‘Sheltering problems, outbreak risk continue in earthquake zone’

News About Turkey - NAT
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In separate statements, the Turkish Medical Association (TTB) and the Progressive Lawyers Association (ÇHD) pointed out the continuing problems in the region affected by the massive double earthquake on February 6.

The Earthquake Crisis Desk formed by the TTB and various healthcare professional organizations released their 19th video bulletin entitled “The Outbreak Risk as Temperatures Are Warming.”

In the video, doctors conveying information from various cities affected by the quakes said deficiencies in the organization of health services were on the increase amid a decrease in public attention to the disaster.

After the floods in mid-March, problems in access to drinking and utility water also increased, they noted.

Failure to meet water and toilet needs and lack of disinfection amid insect density increase the risk of an outbreak, they said.

Sheltering problems in Hatay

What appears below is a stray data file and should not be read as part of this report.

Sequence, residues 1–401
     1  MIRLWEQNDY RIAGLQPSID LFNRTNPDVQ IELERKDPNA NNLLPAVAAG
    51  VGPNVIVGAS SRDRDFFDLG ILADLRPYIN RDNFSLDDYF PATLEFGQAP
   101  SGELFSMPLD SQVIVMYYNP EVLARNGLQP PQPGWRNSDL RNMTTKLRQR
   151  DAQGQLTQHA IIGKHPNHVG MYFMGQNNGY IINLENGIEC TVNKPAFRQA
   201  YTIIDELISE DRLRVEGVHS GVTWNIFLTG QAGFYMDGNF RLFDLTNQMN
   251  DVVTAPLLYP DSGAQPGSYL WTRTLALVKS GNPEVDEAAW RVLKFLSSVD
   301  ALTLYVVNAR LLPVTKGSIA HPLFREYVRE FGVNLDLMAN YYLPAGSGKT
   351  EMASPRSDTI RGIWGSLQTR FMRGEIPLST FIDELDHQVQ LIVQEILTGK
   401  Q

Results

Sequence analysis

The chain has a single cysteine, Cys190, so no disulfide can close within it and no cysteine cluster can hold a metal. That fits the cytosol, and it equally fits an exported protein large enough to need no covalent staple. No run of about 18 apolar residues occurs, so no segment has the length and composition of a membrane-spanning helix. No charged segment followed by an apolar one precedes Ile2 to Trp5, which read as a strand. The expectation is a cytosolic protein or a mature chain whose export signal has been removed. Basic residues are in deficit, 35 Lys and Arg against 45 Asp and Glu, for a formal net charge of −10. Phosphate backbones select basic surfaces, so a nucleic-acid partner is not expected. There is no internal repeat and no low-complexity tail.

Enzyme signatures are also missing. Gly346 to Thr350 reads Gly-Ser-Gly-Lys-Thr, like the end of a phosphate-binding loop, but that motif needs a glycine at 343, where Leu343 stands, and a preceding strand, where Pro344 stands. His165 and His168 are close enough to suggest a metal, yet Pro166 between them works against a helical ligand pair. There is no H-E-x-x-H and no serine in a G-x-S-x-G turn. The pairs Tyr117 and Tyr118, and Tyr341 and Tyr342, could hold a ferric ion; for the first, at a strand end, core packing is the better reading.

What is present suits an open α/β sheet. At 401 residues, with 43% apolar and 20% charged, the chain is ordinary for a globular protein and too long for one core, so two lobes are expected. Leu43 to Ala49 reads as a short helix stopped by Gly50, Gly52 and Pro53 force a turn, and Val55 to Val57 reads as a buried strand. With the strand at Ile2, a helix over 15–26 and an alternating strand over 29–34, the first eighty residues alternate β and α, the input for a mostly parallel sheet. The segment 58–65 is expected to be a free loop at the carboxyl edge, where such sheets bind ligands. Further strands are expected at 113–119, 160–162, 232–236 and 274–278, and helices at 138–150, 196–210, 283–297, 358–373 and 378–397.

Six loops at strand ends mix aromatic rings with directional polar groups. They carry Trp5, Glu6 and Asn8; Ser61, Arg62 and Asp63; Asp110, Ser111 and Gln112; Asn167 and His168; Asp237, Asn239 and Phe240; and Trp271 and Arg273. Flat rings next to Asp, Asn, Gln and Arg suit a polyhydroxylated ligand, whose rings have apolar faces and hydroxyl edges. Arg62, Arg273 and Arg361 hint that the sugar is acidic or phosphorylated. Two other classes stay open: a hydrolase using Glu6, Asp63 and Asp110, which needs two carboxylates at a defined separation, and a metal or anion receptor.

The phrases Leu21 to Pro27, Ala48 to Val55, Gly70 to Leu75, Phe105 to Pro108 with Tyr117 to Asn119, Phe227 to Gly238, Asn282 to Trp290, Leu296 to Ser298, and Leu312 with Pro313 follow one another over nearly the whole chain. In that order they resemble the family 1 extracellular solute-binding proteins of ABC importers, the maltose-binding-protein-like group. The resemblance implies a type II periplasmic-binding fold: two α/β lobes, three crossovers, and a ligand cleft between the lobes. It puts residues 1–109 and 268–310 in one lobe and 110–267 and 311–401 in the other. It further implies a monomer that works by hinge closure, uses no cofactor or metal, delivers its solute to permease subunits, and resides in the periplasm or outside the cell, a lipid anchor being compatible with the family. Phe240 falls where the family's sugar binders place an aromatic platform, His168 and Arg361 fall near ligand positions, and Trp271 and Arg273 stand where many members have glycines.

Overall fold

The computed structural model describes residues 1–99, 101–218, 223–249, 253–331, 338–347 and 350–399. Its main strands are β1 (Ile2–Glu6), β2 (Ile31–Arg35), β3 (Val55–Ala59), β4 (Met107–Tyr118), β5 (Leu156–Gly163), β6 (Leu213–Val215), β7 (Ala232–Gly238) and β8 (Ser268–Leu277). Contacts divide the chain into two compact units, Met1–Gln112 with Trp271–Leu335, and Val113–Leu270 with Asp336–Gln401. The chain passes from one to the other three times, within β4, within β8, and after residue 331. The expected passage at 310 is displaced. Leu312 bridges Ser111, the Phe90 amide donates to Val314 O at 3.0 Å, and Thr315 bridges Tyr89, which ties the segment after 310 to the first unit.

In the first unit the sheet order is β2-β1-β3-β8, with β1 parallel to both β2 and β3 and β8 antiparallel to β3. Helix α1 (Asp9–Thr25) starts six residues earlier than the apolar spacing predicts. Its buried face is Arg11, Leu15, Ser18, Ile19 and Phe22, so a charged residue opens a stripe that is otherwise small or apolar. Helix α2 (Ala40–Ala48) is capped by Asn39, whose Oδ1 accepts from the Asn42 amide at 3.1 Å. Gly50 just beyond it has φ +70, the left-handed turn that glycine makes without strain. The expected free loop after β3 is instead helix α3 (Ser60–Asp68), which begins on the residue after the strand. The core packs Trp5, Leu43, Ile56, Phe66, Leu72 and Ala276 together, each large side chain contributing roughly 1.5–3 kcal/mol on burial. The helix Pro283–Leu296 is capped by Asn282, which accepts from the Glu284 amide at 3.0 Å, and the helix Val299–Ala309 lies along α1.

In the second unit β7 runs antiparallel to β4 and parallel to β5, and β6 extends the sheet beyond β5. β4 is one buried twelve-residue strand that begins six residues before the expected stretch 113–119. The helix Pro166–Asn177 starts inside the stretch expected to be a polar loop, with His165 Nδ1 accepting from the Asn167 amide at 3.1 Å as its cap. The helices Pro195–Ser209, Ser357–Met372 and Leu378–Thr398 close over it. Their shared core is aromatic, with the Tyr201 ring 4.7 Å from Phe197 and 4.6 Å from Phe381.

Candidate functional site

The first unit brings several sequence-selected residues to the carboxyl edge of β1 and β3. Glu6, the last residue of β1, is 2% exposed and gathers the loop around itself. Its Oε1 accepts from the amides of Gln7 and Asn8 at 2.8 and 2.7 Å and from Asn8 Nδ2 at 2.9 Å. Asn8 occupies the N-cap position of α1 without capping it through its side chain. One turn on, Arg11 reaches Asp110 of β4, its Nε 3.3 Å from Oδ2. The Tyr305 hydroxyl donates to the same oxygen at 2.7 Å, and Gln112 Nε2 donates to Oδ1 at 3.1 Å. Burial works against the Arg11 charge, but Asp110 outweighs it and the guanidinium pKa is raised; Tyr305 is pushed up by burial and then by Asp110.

The ÇHD report covers the problems in the Antakya, Armutlu, Defne and Samandağ districts of Hatay, a province heavily hit by the quakes.

The report consists of the association’s observations on the field between February 8 and March 6.

Accordingly, there are still problems with electricity distribution and mobile phone and internet services in Armutlu and Samandağ.

“Just as electricity, water had been cut off for days after the earthquake, and as the first month of the earthquake was left behind, the water problem could not be solved throughout the province of Hatay.

“Municipal vehicles sent from other provinces for solidarity carry water to areas with water tanks. However, even the tanks cannot be filled completely because there is not enough water.

“The problem of water to be used in showers and toilets at many help points has still not been resolved.”

“Even though two months have passed since the earthquake, many people still could not solve their housing problem and could not find tents.”

The earthquakes

On February 6, two earthquakes with a magnitude of 7.7 and 7.6 struck the southern city of Maraş.

The quakes affected 10 cities in Turkey’s south and southeast, as well as Syria’s northern parts, where over 5,000 people were killed.

Turkey’s official death toll from the quakes stands at over 50,000 and is expected to increase further, as over 227,000 buildings were destroyed or severely damaged, according to government figures.

Also, about two million people were displaced after the quakes. (AS/VK)


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